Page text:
One of the most poignant exchanges in the movie account of The Great Escape (1963) is that between The Scrounger Hendley (James Garner) and The Forger Blythe (Donald Pleasence).
Blythe: Roger’s idea was to get back at the enemy the hardest way he could, mess up the works. From what we’ve heard here, I think he did exactly that.
Hendley: Do you think it was worth the price?
Blythe: Depends on your point of view, Hendley.
Garner’s memorable portrayal as The Scrounger Hendley was based on a real-life character, Stalag Luft III veteran Marcel Zillessen.
Marcel Eric Zillessen was born in Northampton in 1917 to a German father and Irish mother. His parents soon moved north to Bradford to take over management of the family textile business.
After school, Zillessen’s first job was that of sales director in the family business. Encouraged by his Father, Erich Max Theodore Zillessen, the young man eventually went to Berlin and enrolled at the city’s university, hoping to broaden his education. This was the golden age of the Weimar Republic, and Zillessen soon became familiar with the language and customs of that society, as well as gaining along the way firsthand experience of the growing Nazi threat.
With the onset of World War II, Zillessen was contacted by British Intelligence who wanted to recruit him into their services as a spy. Uncomfortable with such line of work, he passed on the offer, stating instead that he would prefer to fight the enemy ‘face-to-face’.
And true to his word, Zillessen did just that, joining the RAF’s No. 6 Squadron and becoming a Hurricane pilot. After flying a string of raids against Rommel’s Afrika Korps, Zillessen’s aircraft was shot down on 6th April 1943 during the Battle of Wadi Akarit in Tunisia. He was captured by the Germans and subsequently moved to Italy where, after the usual bout interrogation, the airman was transported onward to Stalag Luft III.
Hurricane Fighter of No. 6 Squadron over the Western Desert, 1942
Forged German documents created by the POWs in Stalag Luft III
At this point, he decided to change his name to Axel Zillessen, worried that his German heritage may make him vulnerable to the authorities. Nevertheless, among the ordinary Guards, his knowledge of the German language and general education served him well, soon becoming a scribe-for-hire, penning their romantic mail. His talents didn’t go unnoticed by the escape committee either, who put him to work forging ID and travel documents for the forthcoming escape. His favor with the German guards allowed him to become a source for ink, paper, and other items useful for the escape plans. This is how he came to gain the reputation of The Scrounger.
On the night of 24 April, Zillessen was one of the last to pass through tunnel Harry and was quickly apprehended by the guards and marched back into the compound. These are Zillessen’s own words on the events as recorded later.
“Everything went wrong that night, there was an air raid and all the lights went out in the tunnel, and then a Major got stuck and it took ages to get him out.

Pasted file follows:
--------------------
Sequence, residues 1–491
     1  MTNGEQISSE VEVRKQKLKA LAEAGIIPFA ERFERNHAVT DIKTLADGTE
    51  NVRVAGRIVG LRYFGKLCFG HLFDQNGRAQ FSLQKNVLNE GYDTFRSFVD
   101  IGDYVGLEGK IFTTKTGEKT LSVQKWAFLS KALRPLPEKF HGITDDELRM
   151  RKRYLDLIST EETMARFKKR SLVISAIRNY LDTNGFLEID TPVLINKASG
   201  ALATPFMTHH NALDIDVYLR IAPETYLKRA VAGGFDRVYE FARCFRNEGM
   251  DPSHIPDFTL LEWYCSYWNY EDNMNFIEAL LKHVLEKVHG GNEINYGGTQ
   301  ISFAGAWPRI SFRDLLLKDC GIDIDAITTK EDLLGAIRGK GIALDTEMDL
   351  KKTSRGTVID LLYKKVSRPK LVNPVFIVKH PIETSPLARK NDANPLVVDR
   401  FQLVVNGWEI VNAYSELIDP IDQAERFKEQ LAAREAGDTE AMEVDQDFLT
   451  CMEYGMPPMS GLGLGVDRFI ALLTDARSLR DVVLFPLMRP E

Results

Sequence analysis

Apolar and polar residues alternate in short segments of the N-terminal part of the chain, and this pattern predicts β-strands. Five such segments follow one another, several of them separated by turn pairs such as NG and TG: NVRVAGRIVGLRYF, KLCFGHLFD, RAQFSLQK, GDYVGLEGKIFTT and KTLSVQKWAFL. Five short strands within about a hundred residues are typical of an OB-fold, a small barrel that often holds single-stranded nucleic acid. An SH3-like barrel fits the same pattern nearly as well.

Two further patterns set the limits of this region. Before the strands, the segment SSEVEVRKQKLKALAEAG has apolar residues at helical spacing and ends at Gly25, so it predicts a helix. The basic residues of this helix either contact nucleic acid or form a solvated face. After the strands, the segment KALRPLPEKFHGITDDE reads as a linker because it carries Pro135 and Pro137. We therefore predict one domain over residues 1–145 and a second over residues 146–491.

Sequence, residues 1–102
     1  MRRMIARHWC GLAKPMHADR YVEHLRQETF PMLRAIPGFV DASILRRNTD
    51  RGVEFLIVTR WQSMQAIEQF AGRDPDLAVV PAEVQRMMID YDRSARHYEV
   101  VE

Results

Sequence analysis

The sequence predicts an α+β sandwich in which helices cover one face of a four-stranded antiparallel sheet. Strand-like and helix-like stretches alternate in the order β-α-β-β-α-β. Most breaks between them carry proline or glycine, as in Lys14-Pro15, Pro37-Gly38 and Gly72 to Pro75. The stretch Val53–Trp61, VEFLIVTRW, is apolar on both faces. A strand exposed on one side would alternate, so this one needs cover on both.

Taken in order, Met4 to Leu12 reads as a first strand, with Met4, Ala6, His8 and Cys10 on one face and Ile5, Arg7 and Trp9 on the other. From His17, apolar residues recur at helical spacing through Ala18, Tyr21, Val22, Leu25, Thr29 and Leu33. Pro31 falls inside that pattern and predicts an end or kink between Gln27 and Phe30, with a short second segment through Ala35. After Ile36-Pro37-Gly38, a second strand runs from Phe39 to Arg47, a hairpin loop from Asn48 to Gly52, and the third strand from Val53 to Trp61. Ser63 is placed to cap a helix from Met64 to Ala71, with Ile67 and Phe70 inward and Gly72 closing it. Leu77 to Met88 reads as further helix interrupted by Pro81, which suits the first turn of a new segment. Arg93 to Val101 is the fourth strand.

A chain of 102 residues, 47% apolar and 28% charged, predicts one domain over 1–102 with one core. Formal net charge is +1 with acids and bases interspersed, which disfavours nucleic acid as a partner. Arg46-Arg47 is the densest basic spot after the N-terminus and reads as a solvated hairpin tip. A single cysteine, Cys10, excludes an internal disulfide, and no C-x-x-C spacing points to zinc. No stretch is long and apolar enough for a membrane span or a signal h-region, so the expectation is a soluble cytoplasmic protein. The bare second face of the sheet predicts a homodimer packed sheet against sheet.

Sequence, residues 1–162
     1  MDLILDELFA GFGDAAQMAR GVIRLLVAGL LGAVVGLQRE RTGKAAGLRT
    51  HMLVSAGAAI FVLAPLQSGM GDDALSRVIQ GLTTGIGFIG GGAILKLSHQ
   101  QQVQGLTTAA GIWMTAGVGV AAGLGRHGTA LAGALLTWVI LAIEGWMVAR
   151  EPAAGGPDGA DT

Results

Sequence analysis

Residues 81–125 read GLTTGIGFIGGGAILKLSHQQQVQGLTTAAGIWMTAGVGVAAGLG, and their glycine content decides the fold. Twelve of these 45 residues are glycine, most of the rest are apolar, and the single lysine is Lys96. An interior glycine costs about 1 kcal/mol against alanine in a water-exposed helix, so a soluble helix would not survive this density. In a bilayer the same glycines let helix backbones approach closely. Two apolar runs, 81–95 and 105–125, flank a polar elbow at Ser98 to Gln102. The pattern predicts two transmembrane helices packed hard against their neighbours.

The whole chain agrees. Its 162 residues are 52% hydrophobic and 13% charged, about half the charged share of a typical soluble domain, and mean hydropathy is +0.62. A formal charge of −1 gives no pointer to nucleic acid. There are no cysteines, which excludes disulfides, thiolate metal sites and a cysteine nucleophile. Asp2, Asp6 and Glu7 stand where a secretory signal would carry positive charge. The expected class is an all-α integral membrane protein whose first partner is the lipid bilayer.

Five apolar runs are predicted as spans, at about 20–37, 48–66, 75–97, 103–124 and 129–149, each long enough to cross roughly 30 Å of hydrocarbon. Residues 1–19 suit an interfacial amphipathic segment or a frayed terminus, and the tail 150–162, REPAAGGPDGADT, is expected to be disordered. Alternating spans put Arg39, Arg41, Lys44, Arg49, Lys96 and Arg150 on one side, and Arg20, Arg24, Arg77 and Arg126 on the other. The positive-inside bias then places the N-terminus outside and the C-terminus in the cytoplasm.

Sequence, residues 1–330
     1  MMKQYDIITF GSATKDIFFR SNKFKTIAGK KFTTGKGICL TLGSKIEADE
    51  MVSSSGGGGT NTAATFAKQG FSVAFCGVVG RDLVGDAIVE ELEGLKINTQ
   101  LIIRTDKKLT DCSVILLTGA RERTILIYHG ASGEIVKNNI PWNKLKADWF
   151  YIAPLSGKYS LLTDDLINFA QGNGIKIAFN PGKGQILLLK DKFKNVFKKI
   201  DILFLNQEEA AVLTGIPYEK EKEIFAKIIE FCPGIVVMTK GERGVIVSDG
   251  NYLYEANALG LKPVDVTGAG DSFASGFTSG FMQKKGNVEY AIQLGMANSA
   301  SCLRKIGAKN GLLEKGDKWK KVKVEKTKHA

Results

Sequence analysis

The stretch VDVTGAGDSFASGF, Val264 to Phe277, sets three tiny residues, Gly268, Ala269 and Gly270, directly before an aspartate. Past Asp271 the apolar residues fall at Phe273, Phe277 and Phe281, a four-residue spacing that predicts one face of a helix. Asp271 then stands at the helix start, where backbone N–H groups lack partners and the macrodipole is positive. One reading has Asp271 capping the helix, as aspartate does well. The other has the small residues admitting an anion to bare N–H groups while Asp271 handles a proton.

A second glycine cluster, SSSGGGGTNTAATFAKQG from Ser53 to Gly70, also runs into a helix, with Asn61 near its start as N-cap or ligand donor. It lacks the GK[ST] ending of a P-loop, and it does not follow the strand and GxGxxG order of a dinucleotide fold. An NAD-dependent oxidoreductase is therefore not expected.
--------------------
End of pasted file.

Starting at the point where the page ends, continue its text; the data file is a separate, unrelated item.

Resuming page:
I cannot describe what it was like when it finally broke. The Germans were absolutely livid, there were dogs rushing around the camp and guards were pouring in from all over the place.
There was still 150 PoWs left in the hut at the time we heard shots being fired. People came pouring down the tunnel telling everybody, ‘it’s all over‘.
Once I realised that the escape had broken I just leapt out of the hut. I ran as fast as I could and jumped through the window into my own room.”
Luck was on his side that night, for if he had escaped into the wider surroundings and been arrested by the local police or Gestapo, his name might well have appeared among that of The Fifty who were later executed in cold blood.
By any standards, the brutally disproportionate response to the escape from the German high command was ‘not cricket’, breaking as it did the most basic tenets of the Geneva Convention. But the headline also has another, somewhat lighter, meaning. In an entry in F/Lt Keen’s Wartime Log, Zillessen and he are playing cricket together in the North Compound. It is September 1944, 6 months after the night that would become known in history as ‘The Great Escape.’
After the war, Zillessen returned home to the family business and got married, raising several children and enjoying a comfortable lifestyle. In later years, he and his family moved to the picturesque Robin Hood’s Bay on the Yorkshire coast, where they ran that most quintessential of British establishments, a seaside guest house. For those unfamiliar, they are renowned for their fry-up breakfasts, and it is always time for tea.
Returning once more to the movie, and on the eve of the escape, Hendley reassures an anxious Colin, troubled by his failing eyesight.
Hendley: Ah, Hell, we’ll make it in great shape. Colin, do you have any tea?
Blythe: Yes, of course.
Hendley: Let’s have some.
Marcel Zillessen died on 8 January 1999 at the age of 81.